Greene is also changing the way Google sells and markets. She’s hiring across the board and demanding staff work more closely together and talk to customers more often. That includes creating a team that meets with enterprise customers to ensure Google is building what they need. That’s normal for traditional enterprise companies like Salesforce.com Inc. and Oracle Corp., but new territory for Google, which specializes in self-service Web offerings.
The West coast cloud sales team doubled to almost 50 people over the last few months, while the Google Apps team that works with independent IT vendors like startup Avere has grown substantially, say people familiar with the company.
Google is also spending more on marketing to compete against enterprise-focused rivals like Microsoft. Google’s pioneering, Web-based suite of work apps now trails Microsoft Office365 in revenue, Forrester Research estimates. “We have, like, the best office productivity suite, but people don’t know it,” said Greene, who is hiring a chief marketing officer. Google is splashing out on billboards around San Francisco ahead of a conference this week for cloud customers.
Greene is an avid sailor and moors a trimaran in San Francisco. An all-woman round-the-world crew recently asked for sponsorship, but she’s so far resisted the urge to pitch Google cloud products from the bows of expensive yachts like Oracle’s Larry Ellison. “I’m quite happy to go sailing without having the Google boat,” Greene said.
Still, extra investment in sales and marketing is good news for Google’s partners, which can sell more if customers become familiar with Google’s cloud. These re-sellers have asked for more support for years, said one former Google employee. This year, Greene came to a crucial customer meeting with SADA Systems, a big Google partner. It was the first time in nine years an executive of her seniority attended a customer meeting, said SADA CEO Tony Safoian.
She’s also tapping her VMware Rolodex, talking with big enterprise rivals like SAP SE, Microsoft and Oracle, to get more of their products into the Google cloud. That’s must-have for some large companies, which need prepackaged software from these providers to run their businesses. No Oracle or SAP products are available on Google’s cloud today. Microsoft and Oracle declined to comment, while SAP confirmed early talks.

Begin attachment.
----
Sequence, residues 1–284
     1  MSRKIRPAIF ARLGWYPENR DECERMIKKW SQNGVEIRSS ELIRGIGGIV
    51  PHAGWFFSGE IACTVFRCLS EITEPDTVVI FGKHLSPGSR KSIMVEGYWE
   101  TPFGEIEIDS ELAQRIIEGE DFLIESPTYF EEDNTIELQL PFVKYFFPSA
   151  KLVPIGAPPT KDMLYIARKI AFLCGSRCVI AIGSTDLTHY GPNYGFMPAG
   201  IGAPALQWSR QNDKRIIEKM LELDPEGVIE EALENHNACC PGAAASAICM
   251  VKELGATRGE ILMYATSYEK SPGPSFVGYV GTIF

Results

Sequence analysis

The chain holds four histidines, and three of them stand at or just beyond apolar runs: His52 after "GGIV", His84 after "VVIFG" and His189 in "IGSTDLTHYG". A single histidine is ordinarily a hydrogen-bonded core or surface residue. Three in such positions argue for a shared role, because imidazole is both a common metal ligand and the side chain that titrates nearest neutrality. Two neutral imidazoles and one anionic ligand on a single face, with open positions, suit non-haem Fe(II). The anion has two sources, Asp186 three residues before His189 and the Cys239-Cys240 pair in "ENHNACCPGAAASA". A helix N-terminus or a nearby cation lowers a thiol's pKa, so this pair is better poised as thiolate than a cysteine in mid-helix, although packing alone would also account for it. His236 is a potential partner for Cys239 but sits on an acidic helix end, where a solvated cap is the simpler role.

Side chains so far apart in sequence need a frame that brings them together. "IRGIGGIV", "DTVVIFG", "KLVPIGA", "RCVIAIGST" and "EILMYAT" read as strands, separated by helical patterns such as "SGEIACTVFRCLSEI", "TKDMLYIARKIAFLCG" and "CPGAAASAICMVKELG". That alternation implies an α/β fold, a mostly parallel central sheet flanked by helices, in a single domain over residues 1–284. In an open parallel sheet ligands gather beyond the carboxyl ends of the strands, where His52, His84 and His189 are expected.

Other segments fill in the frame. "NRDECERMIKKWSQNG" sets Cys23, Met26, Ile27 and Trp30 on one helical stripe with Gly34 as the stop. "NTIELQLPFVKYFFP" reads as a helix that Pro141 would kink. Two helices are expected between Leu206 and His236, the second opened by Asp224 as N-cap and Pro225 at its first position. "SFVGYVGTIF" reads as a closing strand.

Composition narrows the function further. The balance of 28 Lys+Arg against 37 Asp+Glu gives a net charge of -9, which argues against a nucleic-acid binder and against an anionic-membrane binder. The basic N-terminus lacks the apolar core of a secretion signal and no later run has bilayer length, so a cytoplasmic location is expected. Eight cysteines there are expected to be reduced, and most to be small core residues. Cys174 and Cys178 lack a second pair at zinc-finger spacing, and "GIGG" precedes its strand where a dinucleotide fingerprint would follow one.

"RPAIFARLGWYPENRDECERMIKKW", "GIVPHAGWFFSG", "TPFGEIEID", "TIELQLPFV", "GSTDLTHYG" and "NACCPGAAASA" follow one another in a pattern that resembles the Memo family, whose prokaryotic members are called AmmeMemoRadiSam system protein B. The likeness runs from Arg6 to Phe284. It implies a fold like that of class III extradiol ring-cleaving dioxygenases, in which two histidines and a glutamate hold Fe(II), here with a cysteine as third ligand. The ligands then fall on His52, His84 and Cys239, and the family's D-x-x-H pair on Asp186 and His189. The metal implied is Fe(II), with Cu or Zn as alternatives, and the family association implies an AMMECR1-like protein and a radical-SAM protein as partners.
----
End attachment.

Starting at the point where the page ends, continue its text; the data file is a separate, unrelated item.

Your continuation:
Greene’s experience should help her solve Google’s biggest, most-surprising challenge: its technology is too advanced. The company’s powerful internal systems work in radically different ways, which can make selling it harder.
Google’s first attempt at the cloud, App Engine, let developers upload software code and Google would handle everything else. It was a futuristic vision, but people didn’t want to rent computers like that. Instead, customers flocked to Amazon’s less-advanced but more-flexible offerings. Google is now developing products that look a lot more like its rival’s. “You have to meet people where they are,” Holzle said. “Otherwise they can’t get started.”
“They are probably the most advanced cloud operation on the planet. It also doesn’t matter,” said Carl Brooks, an analyst at The 451 Group. Google needs more humdrum enterprise features like compatibility, compliance, and security, he said.
“Those are fair requests from our users,” Greene said, “and they’re coming immediately.”
By Jack Clark